Tower Conversion 1

So today I began my tower conversion on my kegerator, from one faucet to three!

I have been putting this off since I purchased the thing back in July, so five months. Why the procrastination? Well, I was pretty sure I wanted to widen the access hole in the top of the kegerator to allow more cold air into the tower to keep the beer lines cold, but I was basically a little hesitant about drilling big holes into my new expensive toy. But, finally, the time had come and I was ready (almost) to leap.

First I needed to prepare. I unplugged the kegerator and took out the two kegs of cider from inside. I then wiped up any moisture from inside. I removed the factory supplied tower easier than I had installed it, but I guess that that’s what happens when you don’t have to force the screws in. Next I put tape around the hole so that I could draw my mark on where to drill. After drawing my first mark and realizing it was off-center, I grabbed a tape measure and redrew my mark more centered.

The next problem was going to be with the tool/method I had chosen to go with. I decided a hole-saw drill bit would be the best solution, but the way these operate is to drill into something (wood for example) and then the drill helps guide and pull the hole-saw through the material. My problem was with the original kegerator hole already there, there was nothing for the bit to bite into. I knew if I could get it started though I’d be OK. So I made a couple poor attempts to get it started and scratched up the laminate surface of the kegerator, but only a little and only right by the hole. I eventually got a bite and really had to lean on the hole-saw for it to go through the particle-board. After the particle-board was some foam, the saw ate right through that, then a sheet of metal.

I think it was stainless steel though I was hopeing it was aluminum. Why do I think stainless steel? Well, the hole-saw couldn’t get a bite (again) and was making things very hot. Well the hotter you get stainless (in this type of scenario) the harder it gets, go I was getting no where fast. I actually set the insulation below the metal on fire, that’s how hot it got. First it started smoking, then sparking, then then next thing I knew I was blowing out a small flame – yikes! To get through the metal I basically had to take a screwdriver and a hammer and chisel/can-opener style make a hole, it was ridiculous. The hole-saw had left a pretty good impression of where the hole should be so I just follow that around with the tip of a flat head screw driver and pounded the heel with a hammer – suckage.

After the metal was insulation (slightly burnt) and then the actual plastic lining of the kegerator, both of these layers were like butter. So basically it was tough to get started and tough to get through the metal half way through, but all in all not to bad. So I wound up widening the hole for the beer lines from 1.5″ to 2.5″. It doesn’t sound like a lot, but I hope it makes a difference. The diameter of the actual new tower is three inches, but there is a layer of foam insulation inside the tower which makes it two and a half, so that’s the measurement I aimed for. Oh, and no coolant lines in the ceiling of the kegerator, which I was worried about.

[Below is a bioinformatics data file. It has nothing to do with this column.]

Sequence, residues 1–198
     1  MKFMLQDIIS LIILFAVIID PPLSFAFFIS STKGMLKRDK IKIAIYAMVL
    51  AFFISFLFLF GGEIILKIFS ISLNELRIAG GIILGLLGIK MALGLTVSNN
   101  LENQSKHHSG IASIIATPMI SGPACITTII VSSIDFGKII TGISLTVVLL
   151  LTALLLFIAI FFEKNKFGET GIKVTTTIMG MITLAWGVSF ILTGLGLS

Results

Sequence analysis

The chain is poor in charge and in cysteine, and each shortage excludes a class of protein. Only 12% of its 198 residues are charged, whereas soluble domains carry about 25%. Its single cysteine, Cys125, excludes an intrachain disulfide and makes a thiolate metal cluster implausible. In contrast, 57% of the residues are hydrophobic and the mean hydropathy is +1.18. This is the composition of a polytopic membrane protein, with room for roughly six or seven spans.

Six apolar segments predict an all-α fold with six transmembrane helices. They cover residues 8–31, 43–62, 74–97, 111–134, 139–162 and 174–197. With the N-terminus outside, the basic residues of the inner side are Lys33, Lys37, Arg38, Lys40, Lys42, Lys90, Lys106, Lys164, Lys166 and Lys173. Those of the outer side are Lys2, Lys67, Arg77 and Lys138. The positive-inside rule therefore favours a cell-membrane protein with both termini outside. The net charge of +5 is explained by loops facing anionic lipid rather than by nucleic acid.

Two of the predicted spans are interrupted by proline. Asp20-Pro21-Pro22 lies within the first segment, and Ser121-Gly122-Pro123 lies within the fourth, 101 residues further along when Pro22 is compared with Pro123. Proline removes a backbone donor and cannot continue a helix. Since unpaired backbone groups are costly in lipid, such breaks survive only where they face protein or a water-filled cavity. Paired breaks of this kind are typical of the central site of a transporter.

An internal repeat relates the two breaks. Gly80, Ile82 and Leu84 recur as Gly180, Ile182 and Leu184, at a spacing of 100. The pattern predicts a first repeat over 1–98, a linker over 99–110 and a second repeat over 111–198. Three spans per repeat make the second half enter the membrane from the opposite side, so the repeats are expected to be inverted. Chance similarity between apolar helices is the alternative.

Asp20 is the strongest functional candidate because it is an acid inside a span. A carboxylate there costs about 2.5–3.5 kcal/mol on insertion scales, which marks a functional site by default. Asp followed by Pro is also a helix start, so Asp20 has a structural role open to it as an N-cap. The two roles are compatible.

The main reason I stopped tonight was, one it was getting late, but more importantly is I need to do a minor replacement before I put the new tower back on. The layer of foam below the particle-board and above the metal was only about a 2″x2″ block, so when I drilled through it there wasn’t much left. This then left a two inch gap between the particle-board and metal area of the kegerator, I can only image that would be counter productive of trying to provide coolness.

So tomorrow (hopefully) I will replace the foam layer with a new foam block, cut off the commercial keg connections on the tower beverage lines, drill new holes for the new tower, mount the new tower, connect new liquid quick-disconnects to the the beverage lines, and enjoy a couple beverages. It sounds like it should go quickly, but I know it will take more time than I realize. I turned the kegerator back on to make sure it cools and I didn’t damage anything, I stuffed a towel in the new hole. Also I was hoping to enjoy a couple cold beverages tomorrow, my Traditional Cider, Sweet Cider, and the return of the Gnarleywine.

Since I was messing around in the kegerator making improvements I also mounted my gas manifold. This has been rolling around in the bottom of my kegerator since the beginning. I was tempted to drill it into the side of it, but instead I opted for industrial strength Velro, hopefully it holds. I think it’ll fall within the first 24 hours, or not at all, we’ll see. Until tomorrow!

3 Responses to “Tower Conversion 1”

  1. garrett Says:

    You are a braver man than I. I opted to just live with the 1.5″ opening and having the first slug poured be a little warm and foamy. For most styles that means about 1/2 – 1″ of foam on top, just perfect – but you gotta do the low-foam down the side pour or you get alot more….

  2. richard Says:

    Huh you guys are wusses. On mine I bored out the cylinders by 4mm and put in a four barreled Holley carb. Then i spray painted in lime green with purple flames.
    Now I can fill a glass in .33 seconds and she’ll do 120 on the interstate…

  3. Brian Says:

    ^^ Richard – Funniest, comment, ever! ^^

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